Toronto police say they have laid approximately 160 charges and broken up a number of large indoor gatherings five days after launching a new initiative to enforce Ontario’s stay-at-home order.

In a news release issued Monday, police said that the charges were issued by the city’s 16 dedicated enforcement teams to support the provincewide order while helping to “slow the spread of the virus.”

Most of the 210 calls received came from downtown Toronto, according to police, with Saturday, April 24 being the busiest night as officers responded to gatherings at houses, apartments, short-term rentals and businesses.

Police said that in one call that originated at a condo in the area of King and Portland streets, officers were met with a “large number of people inside the property.”

At least 10 of the occupants did not live at the address, police said. The guests, and the homeowner, were all subsequently charged under the Emergency Management and Civil Protection Act (EMCPA).

During another call, police said that officers could hear loud music coming from a nearby unit at York and Harbour streets. Following an investigation, it was determined the apartment was being used as a short-term rental and six people were charged under the EMCPA.

In one party police attended Thursday night at a Richmond Street semi, one person was charged and several other people were dispersed, police said.

“There were about 20-30 kids. They made a lot of noise. They woke up the neighbours. This is happening in a COVID lockdown,” said neighbour Andrei Ordine.

Surveillance video in the neighbourhood show people arriving at the party, and police writing tickets.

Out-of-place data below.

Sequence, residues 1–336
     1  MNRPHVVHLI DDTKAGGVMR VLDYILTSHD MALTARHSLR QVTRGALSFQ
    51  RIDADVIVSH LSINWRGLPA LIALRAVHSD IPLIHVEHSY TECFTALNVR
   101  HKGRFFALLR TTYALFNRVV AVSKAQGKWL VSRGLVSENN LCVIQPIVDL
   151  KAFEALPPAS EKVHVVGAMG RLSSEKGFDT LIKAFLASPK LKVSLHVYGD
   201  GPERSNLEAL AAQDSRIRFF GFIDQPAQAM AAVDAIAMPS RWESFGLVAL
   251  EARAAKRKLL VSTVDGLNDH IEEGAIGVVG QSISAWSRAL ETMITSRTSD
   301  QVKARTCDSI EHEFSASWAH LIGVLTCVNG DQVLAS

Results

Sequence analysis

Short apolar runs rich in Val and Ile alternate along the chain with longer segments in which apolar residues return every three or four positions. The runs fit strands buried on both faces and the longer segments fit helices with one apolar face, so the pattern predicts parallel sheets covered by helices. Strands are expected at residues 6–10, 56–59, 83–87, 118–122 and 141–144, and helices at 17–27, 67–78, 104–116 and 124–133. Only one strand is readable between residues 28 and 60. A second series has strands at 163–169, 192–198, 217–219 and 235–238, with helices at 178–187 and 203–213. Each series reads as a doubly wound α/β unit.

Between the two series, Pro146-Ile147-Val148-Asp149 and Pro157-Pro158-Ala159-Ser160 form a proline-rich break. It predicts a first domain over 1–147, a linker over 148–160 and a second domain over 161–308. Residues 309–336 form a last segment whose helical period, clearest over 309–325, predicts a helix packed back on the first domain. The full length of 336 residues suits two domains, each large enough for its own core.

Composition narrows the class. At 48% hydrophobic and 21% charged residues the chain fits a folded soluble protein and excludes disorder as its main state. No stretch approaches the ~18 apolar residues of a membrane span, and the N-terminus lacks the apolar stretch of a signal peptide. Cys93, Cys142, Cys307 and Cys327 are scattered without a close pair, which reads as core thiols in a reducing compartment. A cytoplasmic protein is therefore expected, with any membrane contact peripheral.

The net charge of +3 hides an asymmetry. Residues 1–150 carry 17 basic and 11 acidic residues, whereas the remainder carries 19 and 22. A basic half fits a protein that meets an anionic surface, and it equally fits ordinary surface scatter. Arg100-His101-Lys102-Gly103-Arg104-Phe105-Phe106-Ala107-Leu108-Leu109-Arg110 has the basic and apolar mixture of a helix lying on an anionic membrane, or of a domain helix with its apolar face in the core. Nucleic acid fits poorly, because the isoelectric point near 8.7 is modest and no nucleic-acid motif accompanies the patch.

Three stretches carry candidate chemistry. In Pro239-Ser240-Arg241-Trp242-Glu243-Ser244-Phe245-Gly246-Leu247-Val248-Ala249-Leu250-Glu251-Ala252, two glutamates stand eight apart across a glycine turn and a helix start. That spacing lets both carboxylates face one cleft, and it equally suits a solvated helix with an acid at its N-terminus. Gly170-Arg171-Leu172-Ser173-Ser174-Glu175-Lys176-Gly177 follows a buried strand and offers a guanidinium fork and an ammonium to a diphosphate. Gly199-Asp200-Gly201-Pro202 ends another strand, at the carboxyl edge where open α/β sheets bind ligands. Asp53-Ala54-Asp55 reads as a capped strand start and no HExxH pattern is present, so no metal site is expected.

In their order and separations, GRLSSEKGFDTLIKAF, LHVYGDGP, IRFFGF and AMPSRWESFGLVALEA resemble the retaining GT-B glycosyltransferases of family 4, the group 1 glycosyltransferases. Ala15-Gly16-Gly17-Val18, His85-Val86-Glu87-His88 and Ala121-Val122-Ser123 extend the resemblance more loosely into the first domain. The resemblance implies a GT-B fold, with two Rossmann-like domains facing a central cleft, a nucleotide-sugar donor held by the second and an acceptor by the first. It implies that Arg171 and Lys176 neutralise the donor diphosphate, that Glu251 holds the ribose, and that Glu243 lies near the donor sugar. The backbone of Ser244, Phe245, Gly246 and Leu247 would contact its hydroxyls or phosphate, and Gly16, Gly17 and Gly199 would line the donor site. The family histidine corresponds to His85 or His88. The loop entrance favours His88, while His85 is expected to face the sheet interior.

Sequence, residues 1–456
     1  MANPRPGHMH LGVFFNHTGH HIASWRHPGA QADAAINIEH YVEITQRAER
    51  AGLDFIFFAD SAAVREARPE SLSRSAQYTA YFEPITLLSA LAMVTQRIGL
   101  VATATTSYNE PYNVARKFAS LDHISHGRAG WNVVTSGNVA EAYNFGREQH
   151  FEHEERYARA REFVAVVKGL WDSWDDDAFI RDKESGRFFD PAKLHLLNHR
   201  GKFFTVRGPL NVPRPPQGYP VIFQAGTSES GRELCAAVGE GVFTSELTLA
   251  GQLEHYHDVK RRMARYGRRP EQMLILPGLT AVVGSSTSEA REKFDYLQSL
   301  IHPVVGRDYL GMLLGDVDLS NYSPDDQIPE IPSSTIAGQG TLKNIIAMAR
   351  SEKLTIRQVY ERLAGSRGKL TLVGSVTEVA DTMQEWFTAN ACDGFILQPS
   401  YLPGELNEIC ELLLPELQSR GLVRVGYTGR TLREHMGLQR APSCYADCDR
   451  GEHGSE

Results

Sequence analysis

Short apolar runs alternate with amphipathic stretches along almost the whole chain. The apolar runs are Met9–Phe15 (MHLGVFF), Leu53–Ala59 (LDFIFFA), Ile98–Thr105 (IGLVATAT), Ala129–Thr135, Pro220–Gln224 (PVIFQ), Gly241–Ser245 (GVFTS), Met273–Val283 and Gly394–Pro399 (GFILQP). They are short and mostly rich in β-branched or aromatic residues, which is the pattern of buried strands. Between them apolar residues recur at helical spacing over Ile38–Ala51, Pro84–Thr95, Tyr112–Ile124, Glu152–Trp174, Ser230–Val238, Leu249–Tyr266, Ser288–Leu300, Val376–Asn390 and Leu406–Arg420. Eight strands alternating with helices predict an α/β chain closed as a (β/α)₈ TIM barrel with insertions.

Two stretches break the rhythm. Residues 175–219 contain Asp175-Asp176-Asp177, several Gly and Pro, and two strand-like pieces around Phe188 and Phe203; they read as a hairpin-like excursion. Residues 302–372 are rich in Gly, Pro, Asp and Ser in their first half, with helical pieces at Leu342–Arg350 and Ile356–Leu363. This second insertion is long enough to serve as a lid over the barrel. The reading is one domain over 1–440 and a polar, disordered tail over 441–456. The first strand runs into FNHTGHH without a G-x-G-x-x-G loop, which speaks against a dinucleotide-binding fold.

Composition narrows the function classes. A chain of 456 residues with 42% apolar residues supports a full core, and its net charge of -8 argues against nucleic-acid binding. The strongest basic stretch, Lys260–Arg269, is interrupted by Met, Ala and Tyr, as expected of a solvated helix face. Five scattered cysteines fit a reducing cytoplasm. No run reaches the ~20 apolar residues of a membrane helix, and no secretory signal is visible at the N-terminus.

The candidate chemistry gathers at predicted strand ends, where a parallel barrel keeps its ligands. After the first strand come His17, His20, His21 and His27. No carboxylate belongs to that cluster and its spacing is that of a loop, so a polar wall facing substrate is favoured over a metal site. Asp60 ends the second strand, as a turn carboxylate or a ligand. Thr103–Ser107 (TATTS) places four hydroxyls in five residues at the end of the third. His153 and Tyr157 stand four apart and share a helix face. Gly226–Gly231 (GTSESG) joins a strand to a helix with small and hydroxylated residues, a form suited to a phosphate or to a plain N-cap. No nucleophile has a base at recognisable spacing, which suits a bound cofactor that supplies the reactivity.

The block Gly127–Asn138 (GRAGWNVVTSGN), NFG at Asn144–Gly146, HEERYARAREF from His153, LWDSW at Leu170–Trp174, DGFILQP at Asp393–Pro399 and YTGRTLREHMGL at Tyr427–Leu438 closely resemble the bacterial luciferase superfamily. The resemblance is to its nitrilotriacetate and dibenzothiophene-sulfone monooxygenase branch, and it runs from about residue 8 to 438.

“With COVID in the community right now, rampant, having a super spreader event connected to my wall, as well as sharing the vents, it’s scary,” said his companion Susan. “We don’t know if someone is infected and can spread this to other people. Our health and safety is at risk here.”

CTV News Toronto reached the owner of the suite, Mahima Poddar, who confirmed the suite has been operating as a short-term rental. She said the city has asked her to cut ties with her property manager, and she’s given the company notice.

“It’s upsetting and disappointing given where we are with the pandemic. It’s unfortunate that people are making these choices,” Poddar told CTV News.

The Ordines say they asked city bylaw officers to take action on the short term rental weeks ago.

“Nothing has happened so far. It’s been really frustrating to live beside this,” Susan said.

In addition to the charges laid under the EMCPA, police said that they laid eight criminal charges including obstructing a police officer and assault.

“At a time when positive case counts continue to rise to worrying numbers and hospital ICU admissions are at their highest, it’s extremely disappointing to see people having parties and gatherings and putting themselves, their families, health-care workers and First Responders at increased risk,” said Chief James Ramer said in a statement.

The police force first announced the dedicated enforcement teams in all 16 divisions last Wednesday with the goal of responding to “large gatherings in both indoor and outdoor settings."

On April 16, the province introduced an extension of its stay-at-home order by two weeks in an effort to curb the spread of infection.

Within that announcement, police forces provincewide were granted new powers that allowed officers to randomly stop people on the street to question their reasons for being outdoors.

Toronto police, and the majority of police services across Ontario, rejected the measure and the province would later redefine the scope of those powers. 

With files from CTV News Toronto's Jon Woodward